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Tuesday, October 13, 2009

The DIY fish supper: Future kitchen grows its own vegetables and seafood

By Sean Poulter

If you thought kitchen technology had reached its peak with the microwave oven, think again.

Future cooks will use an indoor biosphere which grows vegetables and fish ready to be prepared with absolute freshness.

It sounds like the stuff of science fiction, but this sort of technology is already under development to help households take the pain out of going green.

The Biosphere Farm by Philips

Going swimmingly: The Biosphere Farm by Philips houses fish, root vegetables, grasses, herbs, plants and algae under a common roof

A study produced to help buyers at John Lewis plan for changing lifestyles details how technology can preserve the quality of life while dramatically cutting energy and water use.

It highlights advances already in development such as washing machines and dishwashers which clean with sound waves.

There will also be 'frugal fridges' which will suggest recipes based on what is inside and even compact and recycle food waste.

But perhaps most dramatic is the self-contained biosphere farm, created by Philips, to provide fish and fresh produce 52 weeks a year.

It will also deliver fresh hydrogen, which can be used to power a car, and run on food waste from the kitchen.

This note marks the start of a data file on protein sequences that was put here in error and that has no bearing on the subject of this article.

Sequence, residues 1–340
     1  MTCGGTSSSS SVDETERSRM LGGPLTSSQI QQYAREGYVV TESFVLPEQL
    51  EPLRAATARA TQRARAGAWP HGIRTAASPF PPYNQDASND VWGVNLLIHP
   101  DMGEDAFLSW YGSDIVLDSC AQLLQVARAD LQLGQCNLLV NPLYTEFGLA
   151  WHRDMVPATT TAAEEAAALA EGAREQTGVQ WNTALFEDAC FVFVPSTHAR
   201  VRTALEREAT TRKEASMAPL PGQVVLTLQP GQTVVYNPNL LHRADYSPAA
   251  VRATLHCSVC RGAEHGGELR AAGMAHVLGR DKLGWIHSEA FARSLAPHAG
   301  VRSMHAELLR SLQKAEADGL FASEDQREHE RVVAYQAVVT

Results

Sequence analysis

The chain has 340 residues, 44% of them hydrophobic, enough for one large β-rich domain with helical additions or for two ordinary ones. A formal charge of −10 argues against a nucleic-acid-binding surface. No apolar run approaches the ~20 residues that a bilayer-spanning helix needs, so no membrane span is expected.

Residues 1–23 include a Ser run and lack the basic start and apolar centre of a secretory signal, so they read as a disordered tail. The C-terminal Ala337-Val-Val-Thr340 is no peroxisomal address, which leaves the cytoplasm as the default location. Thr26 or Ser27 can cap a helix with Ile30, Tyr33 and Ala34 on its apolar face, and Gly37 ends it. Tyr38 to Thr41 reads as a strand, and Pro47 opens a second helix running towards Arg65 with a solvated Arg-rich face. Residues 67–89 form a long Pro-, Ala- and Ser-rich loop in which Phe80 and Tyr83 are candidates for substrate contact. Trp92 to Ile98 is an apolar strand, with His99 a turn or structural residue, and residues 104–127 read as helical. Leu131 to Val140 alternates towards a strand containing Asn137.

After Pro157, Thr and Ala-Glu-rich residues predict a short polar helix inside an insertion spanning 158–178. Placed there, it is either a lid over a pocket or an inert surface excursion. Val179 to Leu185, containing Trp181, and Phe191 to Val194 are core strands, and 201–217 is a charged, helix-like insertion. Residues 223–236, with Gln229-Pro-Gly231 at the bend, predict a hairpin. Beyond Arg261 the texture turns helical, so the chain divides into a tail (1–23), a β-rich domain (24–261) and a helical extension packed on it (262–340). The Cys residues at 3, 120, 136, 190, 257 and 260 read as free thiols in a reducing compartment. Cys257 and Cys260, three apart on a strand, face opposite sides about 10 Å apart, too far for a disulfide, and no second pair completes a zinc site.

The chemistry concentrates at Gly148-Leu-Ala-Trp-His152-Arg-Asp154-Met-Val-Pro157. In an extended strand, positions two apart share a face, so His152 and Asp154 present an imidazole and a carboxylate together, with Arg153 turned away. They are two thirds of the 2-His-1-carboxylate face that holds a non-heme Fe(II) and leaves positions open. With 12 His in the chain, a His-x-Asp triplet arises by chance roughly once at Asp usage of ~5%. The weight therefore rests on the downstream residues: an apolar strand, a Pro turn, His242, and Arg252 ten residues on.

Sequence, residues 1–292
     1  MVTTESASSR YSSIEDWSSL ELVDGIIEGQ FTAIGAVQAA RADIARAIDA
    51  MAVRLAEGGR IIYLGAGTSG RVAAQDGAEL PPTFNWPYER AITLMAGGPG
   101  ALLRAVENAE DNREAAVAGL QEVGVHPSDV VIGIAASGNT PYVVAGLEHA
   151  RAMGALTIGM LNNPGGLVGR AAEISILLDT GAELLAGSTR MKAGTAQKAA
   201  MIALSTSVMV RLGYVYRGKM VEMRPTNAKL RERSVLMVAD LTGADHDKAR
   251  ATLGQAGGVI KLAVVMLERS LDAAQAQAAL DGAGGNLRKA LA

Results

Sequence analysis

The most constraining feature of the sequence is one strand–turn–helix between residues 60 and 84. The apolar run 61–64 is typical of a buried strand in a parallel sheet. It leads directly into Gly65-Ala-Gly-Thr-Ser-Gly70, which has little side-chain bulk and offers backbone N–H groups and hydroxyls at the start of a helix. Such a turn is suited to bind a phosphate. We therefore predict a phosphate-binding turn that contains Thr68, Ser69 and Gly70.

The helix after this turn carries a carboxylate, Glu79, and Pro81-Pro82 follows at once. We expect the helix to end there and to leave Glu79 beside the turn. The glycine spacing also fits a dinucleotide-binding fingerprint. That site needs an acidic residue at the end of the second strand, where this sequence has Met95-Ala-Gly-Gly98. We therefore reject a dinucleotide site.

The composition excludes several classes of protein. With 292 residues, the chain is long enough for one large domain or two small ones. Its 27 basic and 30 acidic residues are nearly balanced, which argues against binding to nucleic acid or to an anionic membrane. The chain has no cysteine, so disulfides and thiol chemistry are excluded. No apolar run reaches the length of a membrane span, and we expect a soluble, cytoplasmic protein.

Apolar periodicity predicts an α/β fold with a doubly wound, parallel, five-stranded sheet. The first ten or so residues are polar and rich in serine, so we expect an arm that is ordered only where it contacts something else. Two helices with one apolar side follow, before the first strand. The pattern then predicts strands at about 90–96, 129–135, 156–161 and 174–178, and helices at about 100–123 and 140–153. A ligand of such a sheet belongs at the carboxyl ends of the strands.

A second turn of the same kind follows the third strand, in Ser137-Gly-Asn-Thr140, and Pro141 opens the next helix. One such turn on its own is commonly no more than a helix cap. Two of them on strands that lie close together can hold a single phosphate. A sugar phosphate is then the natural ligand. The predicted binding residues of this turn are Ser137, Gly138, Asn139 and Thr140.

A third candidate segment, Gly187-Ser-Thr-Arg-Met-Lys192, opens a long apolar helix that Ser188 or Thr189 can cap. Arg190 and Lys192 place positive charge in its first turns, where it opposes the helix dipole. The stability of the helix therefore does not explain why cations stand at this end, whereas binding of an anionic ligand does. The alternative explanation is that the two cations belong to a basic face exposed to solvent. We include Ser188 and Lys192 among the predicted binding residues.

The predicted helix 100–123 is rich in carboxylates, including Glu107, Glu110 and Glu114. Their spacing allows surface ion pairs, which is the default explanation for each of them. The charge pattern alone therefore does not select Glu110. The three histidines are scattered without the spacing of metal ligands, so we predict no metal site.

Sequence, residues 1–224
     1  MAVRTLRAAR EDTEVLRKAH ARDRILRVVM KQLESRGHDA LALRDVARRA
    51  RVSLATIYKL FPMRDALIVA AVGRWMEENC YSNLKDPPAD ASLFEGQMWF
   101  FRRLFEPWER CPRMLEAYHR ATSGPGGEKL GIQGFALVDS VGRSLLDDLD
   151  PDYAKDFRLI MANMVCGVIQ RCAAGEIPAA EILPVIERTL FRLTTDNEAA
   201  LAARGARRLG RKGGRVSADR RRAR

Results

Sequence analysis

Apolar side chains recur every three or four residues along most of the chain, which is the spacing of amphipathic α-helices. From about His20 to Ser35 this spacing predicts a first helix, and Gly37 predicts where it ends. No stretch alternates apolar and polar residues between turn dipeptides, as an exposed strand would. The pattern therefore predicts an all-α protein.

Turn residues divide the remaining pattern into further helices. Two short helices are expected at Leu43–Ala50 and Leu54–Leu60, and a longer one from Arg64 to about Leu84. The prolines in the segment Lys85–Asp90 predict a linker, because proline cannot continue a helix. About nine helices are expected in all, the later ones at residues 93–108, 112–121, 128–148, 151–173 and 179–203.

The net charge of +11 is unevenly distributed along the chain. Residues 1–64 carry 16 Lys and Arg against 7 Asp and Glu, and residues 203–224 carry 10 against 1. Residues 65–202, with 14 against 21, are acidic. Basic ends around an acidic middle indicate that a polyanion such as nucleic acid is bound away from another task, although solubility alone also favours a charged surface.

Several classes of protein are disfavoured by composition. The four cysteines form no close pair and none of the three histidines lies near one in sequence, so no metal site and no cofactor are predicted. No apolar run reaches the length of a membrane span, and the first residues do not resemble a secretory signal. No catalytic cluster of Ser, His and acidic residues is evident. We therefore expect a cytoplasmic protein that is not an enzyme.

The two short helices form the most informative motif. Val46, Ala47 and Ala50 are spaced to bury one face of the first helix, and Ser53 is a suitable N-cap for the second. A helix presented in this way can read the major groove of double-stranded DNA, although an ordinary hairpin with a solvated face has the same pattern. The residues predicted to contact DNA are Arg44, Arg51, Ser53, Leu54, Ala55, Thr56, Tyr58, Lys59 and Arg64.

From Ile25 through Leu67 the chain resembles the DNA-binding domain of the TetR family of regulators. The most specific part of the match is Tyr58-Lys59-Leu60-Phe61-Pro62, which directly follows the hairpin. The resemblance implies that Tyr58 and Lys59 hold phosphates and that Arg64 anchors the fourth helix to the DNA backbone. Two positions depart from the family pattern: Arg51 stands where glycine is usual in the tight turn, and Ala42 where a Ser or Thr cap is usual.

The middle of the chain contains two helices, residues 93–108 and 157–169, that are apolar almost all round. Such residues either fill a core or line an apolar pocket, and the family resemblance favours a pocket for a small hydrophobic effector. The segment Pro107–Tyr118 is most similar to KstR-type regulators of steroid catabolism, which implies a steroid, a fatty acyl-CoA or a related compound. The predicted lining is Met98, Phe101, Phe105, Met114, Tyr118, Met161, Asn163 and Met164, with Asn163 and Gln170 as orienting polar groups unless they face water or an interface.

The plants produce oxygen, which is fed into the fish tank to keep the occupants happy.

The tank is kept clean by shrimps, which can also be eaten.

Elsewhere in the house, showers will filter waste water through a bed of reeds, allowing it to be reused to flush the lavatory or even make a cup of tea using, of course, a low-energy kettle.

Architects already use 3D printers to create the models they use in building design.

However, the technology will be applied to a machine which can use waste plastic to manufacture goods ranging from cups and spoons to a pair of trainers.

Last week, the energy regulator Ofgem warned that power tariffs might need to rise by 60 per cent by 2016 to fund a new generation of wind farms, nuclear and clean coal power stations.

Against this background, John Lewis and experts at the Future Laboratory, who are looking ahead to 2030, say there will be a fundamental shift in lifestyles and products to minimise energy use.

The head of product sourcing at the store, Sean Allam, said there would be a big move away from throwaway household gadgets with the store looking at ten-year guarantees on some items.

All Mod Cons in 2030